war on the rocks

The Tunisia Attack and Cameron’s Phony War Against the Islamic State

July 13, 2015

On June 26, 2015, Seifeddine Rezgui shot and killed 38 tourists, 30 of them British, in a resort in Tunisia before he was himself killed by local police. The attack was the second-worst terrorist attack against British citizens, behind the July 7, 2005 attacks in London, which had killed 52 civilians. Targeting European holiday-makers, the attack recalled the infamous al Qaeda attack in Bali in 2002, which killed 202 people. The strategic and political implications of the attack are likely to be significant, therefore.

However, one of the most interesting aspects of the attack was not the political, and still less the military, response of the United Kingdom to this atrocity, but rather Britain’s cultural and specifically lapidary response. How did Britain choose to honor and memorialize the victims?

All of the victims were civilian tourists, but the bodies were transported back by the military. They were carried on a Royal Air Force (RAF) C-17 to RAF Brize Norton in the United Kingdom. On arrival, each coffin was carried from the aircraft by a military honor guard to a cortege of awaiting hearses which drove solemnly away, escorted by police outriders along streets lined with the public.

The use of the RAF to repatriate the dead from Tunisia was at one level plainly uncontroversial; it merely expedited their return to their families. The armed forces have often been employed in extremis to support the civilian powers, and the RAF’s role in returning the bodies seemed to be just another example of this use.

Yet, it would be difficult to miss the deliberate symbolism of the mortuary rites for the Tunisian victims. During the wars in Iraq and especially Afghanistan, the bodies of fallen service personnel had been returned to RAF Lyneham, simply because RAF Brize Norton did not have the capacity for repatriation. As a result, in order to reach the M4 motorway from RAF Lyneham, the hearses had to pass through the small, market town of Wootton Bassett. From 2006, initially entirely spontaneous, civilians in Wootton Bassett high street had stood in silent respect as the military corteges passed through the town. Very quickly, the observation of the corteges became a major commemorative ceremony. The corteges were paged by a cane-bearing funeral conductor while the streets were lined with hundreds of observers including the families of the repatriated soldiers and veteran associations who showered the hearses with flowers and lowered flags. As a result of the respect accorded to the fallen, Wootton Bassett was itself honored with the designation of “Royal” by the Queen in 2011. The ceremony at Wootton Bassett was a brief and poignant episode, but it has remained an intense memory in British national imagination. No Briton who watched the civilian coffins of the Tunisian victims driving slowly away from RAF Brize Norton could have failed to be reminded of the Afghan War, its 455 casualties, and Wootton Bassett.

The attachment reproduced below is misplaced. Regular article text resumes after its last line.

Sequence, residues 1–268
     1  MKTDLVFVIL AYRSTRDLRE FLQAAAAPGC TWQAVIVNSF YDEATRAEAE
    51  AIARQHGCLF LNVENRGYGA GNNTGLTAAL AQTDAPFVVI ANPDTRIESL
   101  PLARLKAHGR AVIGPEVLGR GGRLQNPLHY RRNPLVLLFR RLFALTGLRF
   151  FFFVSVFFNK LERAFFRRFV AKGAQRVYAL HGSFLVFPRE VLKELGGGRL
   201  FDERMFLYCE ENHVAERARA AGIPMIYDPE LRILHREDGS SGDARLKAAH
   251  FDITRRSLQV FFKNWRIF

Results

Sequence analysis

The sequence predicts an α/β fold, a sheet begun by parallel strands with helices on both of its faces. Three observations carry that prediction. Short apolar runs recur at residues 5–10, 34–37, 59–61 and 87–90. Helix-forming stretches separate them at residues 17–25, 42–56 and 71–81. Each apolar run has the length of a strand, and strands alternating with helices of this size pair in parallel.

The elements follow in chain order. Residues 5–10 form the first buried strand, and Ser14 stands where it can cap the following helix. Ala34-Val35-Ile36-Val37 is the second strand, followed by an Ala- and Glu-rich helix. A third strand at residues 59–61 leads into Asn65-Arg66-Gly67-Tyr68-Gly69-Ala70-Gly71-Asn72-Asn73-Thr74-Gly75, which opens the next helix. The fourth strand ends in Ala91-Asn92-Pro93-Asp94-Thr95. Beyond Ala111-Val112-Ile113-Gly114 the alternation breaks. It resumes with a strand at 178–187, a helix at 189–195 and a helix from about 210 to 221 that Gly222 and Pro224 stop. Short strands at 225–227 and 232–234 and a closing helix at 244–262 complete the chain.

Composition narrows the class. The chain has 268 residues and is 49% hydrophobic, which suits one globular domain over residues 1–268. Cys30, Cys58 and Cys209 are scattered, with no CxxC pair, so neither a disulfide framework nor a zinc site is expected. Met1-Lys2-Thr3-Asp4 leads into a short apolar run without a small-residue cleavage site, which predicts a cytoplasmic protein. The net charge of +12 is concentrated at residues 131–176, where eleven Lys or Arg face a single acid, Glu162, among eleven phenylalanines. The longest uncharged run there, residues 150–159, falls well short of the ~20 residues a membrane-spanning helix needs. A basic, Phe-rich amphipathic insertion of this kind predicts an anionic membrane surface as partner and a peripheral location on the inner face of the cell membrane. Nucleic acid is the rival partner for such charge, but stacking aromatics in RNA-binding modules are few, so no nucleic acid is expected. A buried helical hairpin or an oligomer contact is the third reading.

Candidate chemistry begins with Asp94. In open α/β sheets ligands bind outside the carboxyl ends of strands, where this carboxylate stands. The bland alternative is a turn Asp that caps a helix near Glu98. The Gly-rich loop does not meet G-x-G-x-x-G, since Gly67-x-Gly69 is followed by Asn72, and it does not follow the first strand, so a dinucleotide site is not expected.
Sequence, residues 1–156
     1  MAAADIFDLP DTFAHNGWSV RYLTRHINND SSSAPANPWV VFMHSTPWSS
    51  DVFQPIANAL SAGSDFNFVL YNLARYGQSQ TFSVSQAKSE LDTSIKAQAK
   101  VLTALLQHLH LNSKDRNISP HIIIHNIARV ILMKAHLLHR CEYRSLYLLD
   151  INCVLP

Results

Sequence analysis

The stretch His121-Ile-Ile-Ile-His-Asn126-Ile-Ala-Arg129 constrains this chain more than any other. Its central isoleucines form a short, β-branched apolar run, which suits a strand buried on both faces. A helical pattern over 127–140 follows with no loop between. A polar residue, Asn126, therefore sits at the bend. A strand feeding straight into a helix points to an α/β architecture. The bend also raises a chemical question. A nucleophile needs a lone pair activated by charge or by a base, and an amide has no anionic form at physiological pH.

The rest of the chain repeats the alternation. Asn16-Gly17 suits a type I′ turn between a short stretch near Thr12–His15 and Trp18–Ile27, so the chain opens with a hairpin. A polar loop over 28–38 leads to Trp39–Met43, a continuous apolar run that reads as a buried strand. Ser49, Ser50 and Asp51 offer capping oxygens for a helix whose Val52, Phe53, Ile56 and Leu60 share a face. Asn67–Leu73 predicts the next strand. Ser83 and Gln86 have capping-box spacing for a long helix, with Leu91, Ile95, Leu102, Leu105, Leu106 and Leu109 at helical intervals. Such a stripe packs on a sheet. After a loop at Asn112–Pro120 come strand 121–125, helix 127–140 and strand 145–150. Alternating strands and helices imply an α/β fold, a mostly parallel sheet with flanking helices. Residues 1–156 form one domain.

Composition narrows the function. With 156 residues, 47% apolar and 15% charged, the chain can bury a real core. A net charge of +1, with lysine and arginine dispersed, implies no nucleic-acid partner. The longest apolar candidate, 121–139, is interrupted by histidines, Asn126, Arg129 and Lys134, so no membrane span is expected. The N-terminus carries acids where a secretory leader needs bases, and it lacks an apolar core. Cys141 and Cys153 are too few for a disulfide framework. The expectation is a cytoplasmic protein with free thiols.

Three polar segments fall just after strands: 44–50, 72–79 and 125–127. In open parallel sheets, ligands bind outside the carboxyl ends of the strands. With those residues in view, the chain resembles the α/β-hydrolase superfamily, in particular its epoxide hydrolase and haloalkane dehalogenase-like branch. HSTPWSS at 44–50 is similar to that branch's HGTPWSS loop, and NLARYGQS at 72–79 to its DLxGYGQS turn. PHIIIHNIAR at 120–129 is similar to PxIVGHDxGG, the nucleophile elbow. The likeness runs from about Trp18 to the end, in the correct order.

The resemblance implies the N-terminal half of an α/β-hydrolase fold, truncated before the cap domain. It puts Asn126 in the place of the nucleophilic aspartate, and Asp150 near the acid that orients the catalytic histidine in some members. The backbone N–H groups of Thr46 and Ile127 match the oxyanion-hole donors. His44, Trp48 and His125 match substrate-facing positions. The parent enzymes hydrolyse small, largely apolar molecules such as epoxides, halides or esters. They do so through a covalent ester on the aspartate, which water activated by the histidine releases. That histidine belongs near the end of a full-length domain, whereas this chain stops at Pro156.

Clearly, the murders in Tunisia were tragic — and outrageous — and some collective recognition of these civilian deaths was necessary. Yet, the conflation of military and civilian deaths, observable last week, was both surprising and unwise.

First, but perhaps least important, by imitating the lapidary ceremonies of the Afghan war, the deaths of civilian tourists who were the victims of a gunman while relaxing on holiday have been equated with the combat deaths of military personnel who have volunteered for military service and chosen to put themselves in danger on military operations. The militarization of the Tunisian deaths potentially denigrates the sacrifice of service personnel and the strategic objectives they died pursuing in Afghanistan. At worst, it reduces soldiers to victims. At best, it confuses the two categories.